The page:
The Jelly Bean plant – also known as Pork and Beans or Christmas cheer – is a wonderful, low-maintenance small plant that is native to Mexico and is part of the Crassulaceae family. Because of its popularity, many people grow it indoors all around the world.
Many beginner gardeners choose the Jelly Bean plant because they are perfectly fine with infrequent watering and a total lack of pruning. They just like to be left alone and look pretty. Probably the only thing that you need to keep in mind is that they do not tolerate frost. Bringing them indoors during a harsh winter is a must.
As stated before, the Jelly Bean plant is a very low-maintenance plant that requires very little care to stay alive. However, there are a few things you should know:
When it comes to light preference, the Jelly Bean plant simply loves direct sunlight. When it gets enough light, its leaves will turn orange. If your plant is completely orange, it just does not get enough light, so you should move it to a different location.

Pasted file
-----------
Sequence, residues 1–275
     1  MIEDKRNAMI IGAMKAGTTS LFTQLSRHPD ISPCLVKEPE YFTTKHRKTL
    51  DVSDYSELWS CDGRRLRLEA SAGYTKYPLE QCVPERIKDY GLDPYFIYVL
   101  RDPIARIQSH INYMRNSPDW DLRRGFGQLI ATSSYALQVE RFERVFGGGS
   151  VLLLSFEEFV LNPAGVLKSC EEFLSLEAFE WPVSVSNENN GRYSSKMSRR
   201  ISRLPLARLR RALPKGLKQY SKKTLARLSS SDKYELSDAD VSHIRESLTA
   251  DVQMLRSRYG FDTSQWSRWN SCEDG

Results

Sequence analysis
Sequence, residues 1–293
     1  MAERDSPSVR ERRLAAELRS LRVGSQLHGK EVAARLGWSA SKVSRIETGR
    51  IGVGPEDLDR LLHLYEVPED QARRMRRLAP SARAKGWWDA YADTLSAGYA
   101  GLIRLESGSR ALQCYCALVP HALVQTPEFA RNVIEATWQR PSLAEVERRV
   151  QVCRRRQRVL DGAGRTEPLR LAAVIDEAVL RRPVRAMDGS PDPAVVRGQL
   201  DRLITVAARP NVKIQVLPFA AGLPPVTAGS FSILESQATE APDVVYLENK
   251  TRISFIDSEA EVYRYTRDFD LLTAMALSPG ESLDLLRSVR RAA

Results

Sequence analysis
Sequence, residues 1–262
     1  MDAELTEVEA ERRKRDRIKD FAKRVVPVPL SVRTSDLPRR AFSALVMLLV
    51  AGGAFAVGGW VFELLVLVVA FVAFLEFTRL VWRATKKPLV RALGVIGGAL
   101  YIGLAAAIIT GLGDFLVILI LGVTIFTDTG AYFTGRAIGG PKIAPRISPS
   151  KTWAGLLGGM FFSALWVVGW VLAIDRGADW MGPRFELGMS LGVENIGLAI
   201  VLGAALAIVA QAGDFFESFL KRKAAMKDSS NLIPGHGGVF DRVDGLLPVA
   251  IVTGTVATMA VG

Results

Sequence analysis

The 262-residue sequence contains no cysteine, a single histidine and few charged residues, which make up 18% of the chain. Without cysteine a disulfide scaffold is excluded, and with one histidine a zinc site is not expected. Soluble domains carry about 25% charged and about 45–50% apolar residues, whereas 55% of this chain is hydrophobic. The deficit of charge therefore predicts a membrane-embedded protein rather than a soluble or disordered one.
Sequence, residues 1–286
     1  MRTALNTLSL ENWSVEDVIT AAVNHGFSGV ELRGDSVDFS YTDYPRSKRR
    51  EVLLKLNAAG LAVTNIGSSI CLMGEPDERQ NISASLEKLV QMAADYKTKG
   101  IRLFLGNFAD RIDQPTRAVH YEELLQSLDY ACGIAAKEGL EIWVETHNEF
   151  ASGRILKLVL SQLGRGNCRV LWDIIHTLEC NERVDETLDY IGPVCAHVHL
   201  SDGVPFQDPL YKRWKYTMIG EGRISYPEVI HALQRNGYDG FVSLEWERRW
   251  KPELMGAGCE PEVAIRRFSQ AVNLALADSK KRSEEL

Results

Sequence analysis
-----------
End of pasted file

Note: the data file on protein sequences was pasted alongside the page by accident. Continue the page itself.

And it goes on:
The Jelly Bean plant is also very tolerant of different types of soil as long as they are well-drained. Sandy, neutral or alkaline conditions are the best. You do not need to worry about watering very much, just wait until the soil is dry or the leaves look puckered. Once every week or 10 days is fine indoors, but if your plant sits outside, irregular rainfall will do the job
One more thing –> make sure you bring them in before the first frost!
The other best thing about the Jelly Bean plant is that it is extremely easy to propagate it. Even a fallen leaf of this plant can grow roots and grow into an individual plant. You can also propagate a plant from cuttings.
If you want to go the easier way, just take the leaf of a Jelly Bean plant, put it on top of well-drained soil, and place it in indirect light. You do not need to water the leaf until it develops roots.
Frequently Asked Questions
How much sunlight does the Jelly Bean plant need?
Jelly Bean plants love sunlight, so they need at least 6 hours of direct sunlight every day.
Why is my Jelly Bean plant dying?
The most common problem with Jelly Bean plants is that they do not tolerate lots of water. Let the soil dry out, wait a few days, and only water them after that.
Is the Jelly Bean plant toxic to pets?
Unfortunately, the Jelly Bean plant is toxic to pets and humans as well.